A change in scenery is vital to creative growth

Vermont Studio Center, Johnson, VT (1 month)

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“The artistic methods of poetry, painting, photography, and writing share certain commonalities of deep composition: spirit, rhythm, thought, and scenery.”

— Kilroy J. Oldster

Why travel to a remote town in the middle of Vermont during the coldest month of the year? Because a change in scenery can uplift your creative spirit, of course! No matter the creative discipline — a writer or a painter — there is tremendous personal growth and inspiration to come from travel to a new place.

Author Kilroy Oldster describes creativity fusing spirit, rhythm, thought, and scenery. This stands out to me because scenery is not typically recognized as an important element to creativity — yet, it is so vital for creative growth. Just as the architecture of a building dictates behavior and mindset, the scenery of a place influences what and how we create.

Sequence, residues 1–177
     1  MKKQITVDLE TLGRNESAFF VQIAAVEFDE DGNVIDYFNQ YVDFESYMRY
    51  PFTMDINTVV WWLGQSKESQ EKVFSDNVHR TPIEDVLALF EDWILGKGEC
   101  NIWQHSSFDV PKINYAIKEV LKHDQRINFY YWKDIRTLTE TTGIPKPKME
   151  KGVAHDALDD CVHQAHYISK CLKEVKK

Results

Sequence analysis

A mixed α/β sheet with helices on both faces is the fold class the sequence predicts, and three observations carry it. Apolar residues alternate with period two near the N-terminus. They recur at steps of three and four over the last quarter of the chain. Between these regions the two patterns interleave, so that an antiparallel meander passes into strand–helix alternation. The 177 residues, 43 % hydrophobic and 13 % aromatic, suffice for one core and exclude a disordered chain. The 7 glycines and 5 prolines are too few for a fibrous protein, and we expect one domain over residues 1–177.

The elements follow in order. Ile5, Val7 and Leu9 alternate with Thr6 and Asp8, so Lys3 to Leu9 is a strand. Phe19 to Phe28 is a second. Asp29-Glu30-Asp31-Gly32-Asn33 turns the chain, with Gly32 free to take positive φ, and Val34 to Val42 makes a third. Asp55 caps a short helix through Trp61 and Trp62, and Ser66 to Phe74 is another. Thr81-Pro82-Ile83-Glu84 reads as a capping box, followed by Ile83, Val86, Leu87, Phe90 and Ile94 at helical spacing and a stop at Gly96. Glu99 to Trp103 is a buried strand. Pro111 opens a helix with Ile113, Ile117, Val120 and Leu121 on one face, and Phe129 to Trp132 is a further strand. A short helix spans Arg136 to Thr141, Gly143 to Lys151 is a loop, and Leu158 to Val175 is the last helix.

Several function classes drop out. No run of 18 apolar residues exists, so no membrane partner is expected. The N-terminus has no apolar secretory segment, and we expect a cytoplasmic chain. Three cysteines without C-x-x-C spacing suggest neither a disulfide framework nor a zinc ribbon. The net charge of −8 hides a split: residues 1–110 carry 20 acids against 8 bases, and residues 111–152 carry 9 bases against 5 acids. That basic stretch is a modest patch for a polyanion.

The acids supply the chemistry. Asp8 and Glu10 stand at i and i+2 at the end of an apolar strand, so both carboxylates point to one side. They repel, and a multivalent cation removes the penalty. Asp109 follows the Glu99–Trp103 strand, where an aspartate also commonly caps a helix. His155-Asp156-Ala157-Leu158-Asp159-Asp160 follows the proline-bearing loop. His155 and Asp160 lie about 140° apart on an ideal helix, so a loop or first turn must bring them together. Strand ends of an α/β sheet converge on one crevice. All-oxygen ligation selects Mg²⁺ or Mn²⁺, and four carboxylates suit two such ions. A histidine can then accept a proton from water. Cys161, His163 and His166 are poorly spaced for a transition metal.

There is a common misconception that traveling as an artist is divergent and distracts from the work. At first glance, this seems quite logical. Why pack your studio into a suitcase? Yet, time and time again, I see how less is more when creating in new locations. Limited supplies doesn’t hinder projects, but rather challenges new breakthroughs. Unfamiliar spaces and new relationships stir up new approaches and creative dialogue.

Scenery served as a crucial element to the VSC experience. The snow-covered campus provided time for private contemplation as well as energetic social gatherings, alternating between various workspaces. Our final Open Studio showcase revealed new ways of problem solving, alternative materials, resourcefulness, and subject matter pulled directly from the environment. Thus, the creative outcomes were based on the place of making. For this reason, a trip to Vermont was very worthwhile and transformative.